Graphic Novel Review 181/365: The Killing Joke

Please keep up with all of my old Graphic Novel Reviews here as I quest for 365 in 365 days! Or search #GN365 on Twitter.

You might have noticed that I have not reviewed a lot of DC Comics here on the 365 quest.  DC has never really been my thing.  I mean, I dig Batman, but that’s about where my DC reading road ends.  But that’s all about to change because until next Sunday, it’s a DC title a day!  Get ready!  If you do not have much exposure to DC titles, join the club and follow along as I dive right in…eleven days in a row.

DC Day Four:

Title: The Killing Joke   

Author(s): Alan Moore and Brian Bolland

Publisher: DC Comics (1988)

Age Rating: 17+

A few years ago, there was a teacher new to our district that was going to be teaching the graphic novel course.  She did not have much experience with comics/graphic novels, so she Googled “good graphic novels,” and she found The Killing Joke.  So…she ordered a class set.  I was like…wha??  And since then, I have been using The Killing Joke in my classroom.

Considered the definitive Joker book, The Killing Joke is a must for any Batman/Joker fan.  And if you are new to hero books, Batman actually has quite a few graphic novels that are unique to him and can be read as stand-alones, The Killing Joke being one of those books.

This book does a number of things right.  First, it’s paced beautifully.  There are some parts of the book where The Joker’s rants make a bit too much sense, and he gets the reader sympathizing with him, and just when you think the world sucks and everything is pointless, Batman swoops through and punches The Joker in the face, making you feel better, foolish even for letting yourself go to that dark place.  Besides the pacing, this book is also unique in that it gives us a rare look into The Joker’s past.  We get glimpses of him as a young man, trying to support a family through rough times.  We get to see his transformation through one bad day from normal guy to deranged criminal, ultimately causing The Joker to test his theory of all of us being one bad day from madness on Commissioner Gordon.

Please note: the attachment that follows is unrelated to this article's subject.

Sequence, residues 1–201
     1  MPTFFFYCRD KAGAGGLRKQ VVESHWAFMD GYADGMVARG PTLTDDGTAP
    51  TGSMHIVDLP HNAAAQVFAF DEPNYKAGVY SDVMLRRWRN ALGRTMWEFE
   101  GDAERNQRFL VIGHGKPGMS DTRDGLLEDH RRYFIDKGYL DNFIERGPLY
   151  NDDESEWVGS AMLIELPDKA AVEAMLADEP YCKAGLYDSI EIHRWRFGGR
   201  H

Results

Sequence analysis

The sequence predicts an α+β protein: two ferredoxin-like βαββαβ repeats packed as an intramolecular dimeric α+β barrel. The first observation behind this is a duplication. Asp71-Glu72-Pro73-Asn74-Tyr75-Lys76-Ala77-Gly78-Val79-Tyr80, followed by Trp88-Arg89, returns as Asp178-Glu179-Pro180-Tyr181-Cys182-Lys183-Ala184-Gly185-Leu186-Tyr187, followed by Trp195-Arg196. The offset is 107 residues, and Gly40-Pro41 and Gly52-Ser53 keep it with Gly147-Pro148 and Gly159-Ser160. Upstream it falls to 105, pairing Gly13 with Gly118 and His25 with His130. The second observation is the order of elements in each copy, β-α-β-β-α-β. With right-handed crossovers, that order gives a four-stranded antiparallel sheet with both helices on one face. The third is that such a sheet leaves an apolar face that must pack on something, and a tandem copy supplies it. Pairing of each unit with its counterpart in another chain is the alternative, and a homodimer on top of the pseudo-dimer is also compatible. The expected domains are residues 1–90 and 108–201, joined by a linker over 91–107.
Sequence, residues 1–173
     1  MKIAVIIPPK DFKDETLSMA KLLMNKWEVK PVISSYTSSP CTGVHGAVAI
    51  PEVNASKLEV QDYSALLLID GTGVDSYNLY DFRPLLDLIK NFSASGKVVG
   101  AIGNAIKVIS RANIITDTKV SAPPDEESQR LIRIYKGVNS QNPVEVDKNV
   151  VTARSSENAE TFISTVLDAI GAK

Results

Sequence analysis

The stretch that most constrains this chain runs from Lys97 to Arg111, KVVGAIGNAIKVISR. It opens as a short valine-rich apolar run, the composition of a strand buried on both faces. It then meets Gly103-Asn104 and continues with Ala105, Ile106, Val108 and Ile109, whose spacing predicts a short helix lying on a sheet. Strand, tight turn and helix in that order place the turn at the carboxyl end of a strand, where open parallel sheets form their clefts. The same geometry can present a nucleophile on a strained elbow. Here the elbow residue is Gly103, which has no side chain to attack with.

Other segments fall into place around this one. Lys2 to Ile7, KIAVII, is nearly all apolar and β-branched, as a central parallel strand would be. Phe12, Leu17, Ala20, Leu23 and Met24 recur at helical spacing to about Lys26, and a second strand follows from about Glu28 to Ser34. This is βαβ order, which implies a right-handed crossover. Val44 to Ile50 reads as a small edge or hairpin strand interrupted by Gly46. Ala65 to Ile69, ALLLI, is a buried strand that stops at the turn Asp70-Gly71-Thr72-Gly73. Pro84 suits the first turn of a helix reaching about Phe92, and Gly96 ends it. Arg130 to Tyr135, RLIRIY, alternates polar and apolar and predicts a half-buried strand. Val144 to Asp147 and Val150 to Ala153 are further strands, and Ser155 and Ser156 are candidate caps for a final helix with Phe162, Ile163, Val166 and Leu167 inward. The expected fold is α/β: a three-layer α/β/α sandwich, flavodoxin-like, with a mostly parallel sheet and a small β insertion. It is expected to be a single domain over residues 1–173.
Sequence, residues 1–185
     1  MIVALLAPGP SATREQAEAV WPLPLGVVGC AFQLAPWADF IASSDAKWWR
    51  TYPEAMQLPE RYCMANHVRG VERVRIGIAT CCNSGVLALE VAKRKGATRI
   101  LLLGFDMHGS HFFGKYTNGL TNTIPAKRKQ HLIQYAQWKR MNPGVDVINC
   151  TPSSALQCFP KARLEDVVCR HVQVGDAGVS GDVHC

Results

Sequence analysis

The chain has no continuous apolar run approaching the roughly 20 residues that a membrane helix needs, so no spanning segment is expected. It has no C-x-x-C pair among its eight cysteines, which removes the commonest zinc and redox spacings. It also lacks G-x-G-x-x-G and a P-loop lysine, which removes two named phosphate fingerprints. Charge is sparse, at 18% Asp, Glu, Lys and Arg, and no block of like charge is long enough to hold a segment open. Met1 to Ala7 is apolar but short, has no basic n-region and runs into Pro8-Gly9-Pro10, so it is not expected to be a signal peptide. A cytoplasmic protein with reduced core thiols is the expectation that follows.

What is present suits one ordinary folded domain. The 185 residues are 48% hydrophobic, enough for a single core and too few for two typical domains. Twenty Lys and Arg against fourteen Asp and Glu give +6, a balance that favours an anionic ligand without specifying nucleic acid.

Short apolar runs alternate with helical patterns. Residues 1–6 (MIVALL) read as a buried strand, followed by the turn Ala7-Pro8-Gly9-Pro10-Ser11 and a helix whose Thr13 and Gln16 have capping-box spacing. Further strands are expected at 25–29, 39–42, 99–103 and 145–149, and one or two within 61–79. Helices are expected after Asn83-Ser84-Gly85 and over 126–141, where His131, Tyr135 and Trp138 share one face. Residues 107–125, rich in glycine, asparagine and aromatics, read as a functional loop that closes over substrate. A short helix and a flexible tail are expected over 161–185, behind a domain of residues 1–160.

This is where the book gets its 17+ rating.  The Joker does a number of heinous things to Gordon and his family, and many of them are brutal and unforgiving, but even in the face of it all, he never loses his ability to see the situation for what it is and not lose his mind.  At least long enough for Batman to save the day.

There is a lot to analyse is this book.  There are the many unique themes, the bookending opening and closing pages, the fact that The Joker actually tells a joke that makes Batman laugh, and the ambiguous ending in which people have made solid arguments that Batman kills The Joker.  I do not believe so, but judge for yourself.

There is an animated film based on the book that came out last year.  You can skip that.  It’s terrible.  But the book: solid.  My seniors always have fun discussing it, and you should check out my “Resources” page for the assessment based on this title.

This 1988 classic holds up, and if you engage in enough discussions about hero comics, this one will eventually come up, so be prepared with your analysis!

Happy reading!


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